The McCloskeys Complained About “Ending Single-Family Home Zoning.” That’s a Racist Dog Whistle.

Zoning has been called “the new redlining.”

Mark and Patricia McCloskey point guns at protesters marching to St. Louis Mayor Lyda Krewson's house in the Central West End of St. Louis at the end of June. Laurie Skrivan/St. Louis Post-Dispatch

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You could maybe infer how Mark and Patricia McCloskey felt about people of color when they pointed guns at unarmed demonstrators, many of them Black, who were outside of their home protesting racial injustice at the end of June.

The couple made their opinions a little bit more clear on Monday night during the Republican National Convention, during remarks filmed inside their St. Louis home. Patricia McCloskey railed against “ending single-family home zoning,” which would “bring crime, lawlessness and low-quality apartments into thriving suburban neighborhoods.”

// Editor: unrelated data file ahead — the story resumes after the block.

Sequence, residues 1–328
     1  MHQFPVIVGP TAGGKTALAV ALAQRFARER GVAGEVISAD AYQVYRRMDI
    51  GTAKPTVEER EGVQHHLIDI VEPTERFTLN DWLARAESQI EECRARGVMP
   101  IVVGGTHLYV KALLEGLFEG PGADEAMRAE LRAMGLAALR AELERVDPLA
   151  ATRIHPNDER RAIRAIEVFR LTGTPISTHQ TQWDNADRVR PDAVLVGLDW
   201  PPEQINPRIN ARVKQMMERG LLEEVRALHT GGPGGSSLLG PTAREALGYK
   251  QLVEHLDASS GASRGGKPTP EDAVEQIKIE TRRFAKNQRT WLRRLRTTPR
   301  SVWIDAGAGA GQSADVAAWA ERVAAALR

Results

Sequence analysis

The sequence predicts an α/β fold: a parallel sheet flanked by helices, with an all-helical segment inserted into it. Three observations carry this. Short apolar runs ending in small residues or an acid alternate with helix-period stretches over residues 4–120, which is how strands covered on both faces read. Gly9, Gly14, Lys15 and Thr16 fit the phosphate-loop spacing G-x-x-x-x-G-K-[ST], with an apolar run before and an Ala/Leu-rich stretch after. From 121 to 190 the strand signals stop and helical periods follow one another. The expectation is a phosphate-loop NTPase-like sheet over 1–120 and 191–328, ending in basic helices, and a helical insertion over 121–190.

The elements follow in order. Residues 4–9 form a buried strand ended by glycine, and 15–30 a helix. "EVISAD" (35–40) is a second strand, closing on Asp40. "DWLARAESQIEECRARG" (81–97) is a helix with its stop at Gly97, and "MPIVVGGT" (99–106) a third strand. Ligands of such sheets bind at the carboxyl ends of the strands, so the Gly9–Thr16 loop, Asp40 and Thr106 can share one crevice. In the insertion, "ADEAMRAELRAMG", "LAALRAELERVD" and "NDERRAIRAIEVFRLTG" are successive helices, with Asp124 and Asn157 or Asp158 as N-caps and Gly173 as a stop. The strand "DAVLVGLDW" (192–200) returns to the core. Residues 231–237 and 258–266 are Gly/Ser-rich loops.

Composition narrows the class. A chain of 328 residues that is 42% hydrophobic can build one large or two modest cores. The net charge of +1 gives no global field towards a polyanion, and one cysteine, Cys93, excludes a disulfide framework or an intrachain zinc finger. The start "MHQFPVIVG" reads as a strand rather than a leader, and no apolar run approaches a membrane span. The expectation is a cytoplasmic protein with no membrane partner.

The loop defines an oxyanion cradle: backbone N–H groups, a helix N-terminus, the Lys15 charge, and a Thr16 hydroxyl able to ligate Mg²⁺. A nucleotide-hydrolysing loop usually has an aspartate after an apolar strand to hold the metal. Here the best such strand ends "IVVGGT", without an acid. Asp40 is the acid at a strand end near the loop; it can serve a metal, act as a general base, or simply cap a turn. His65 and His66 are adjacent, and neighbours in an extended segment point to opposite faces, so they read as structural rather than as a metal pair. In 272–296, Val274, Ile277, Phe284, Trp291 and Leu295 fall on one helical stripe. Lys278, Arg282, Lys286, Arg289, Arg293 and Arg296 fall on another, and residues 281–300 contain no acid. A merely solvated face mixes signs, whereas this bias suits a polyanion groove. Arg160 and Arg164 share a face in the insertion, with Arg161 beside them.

“You saw what happened to us and it could just as easily happen to you watching from your quiet neighborhoods,” McCloskey reminded any pearl-clutching Republicans watching, referring to how demonstrators walked into her neighborhood to protest violence.

The reference to the fear of ending single-family housing in favor of “low-quality apartments” is a thinly-veiled dog-whistle at lower-income individuals—who are overwhelmingly people of color. Single-family zoning, a policy that restricts construction in an area to single-family homes, has helped perpetuate segregation for decades after civil rights laws were passed. The zoning ordinances prevent communities from building more affordable housing options, like apartments or duplexes. This can prevent lower-income families from gaining access to schools and other resources in areas that heavily use this zoning. In blunt terms, activists like Minneapolis organizer Kyrra Rankine have called this type of zoning “the new redlining.”

Regardless, the McCloskeys’ position is a territory that Trump has staked out for himself. Democratic presidential candidate Joe Biden has outlined a plan to desegregate the suburbs, incensing Trump who went on a tweet tirade complaining about it. 

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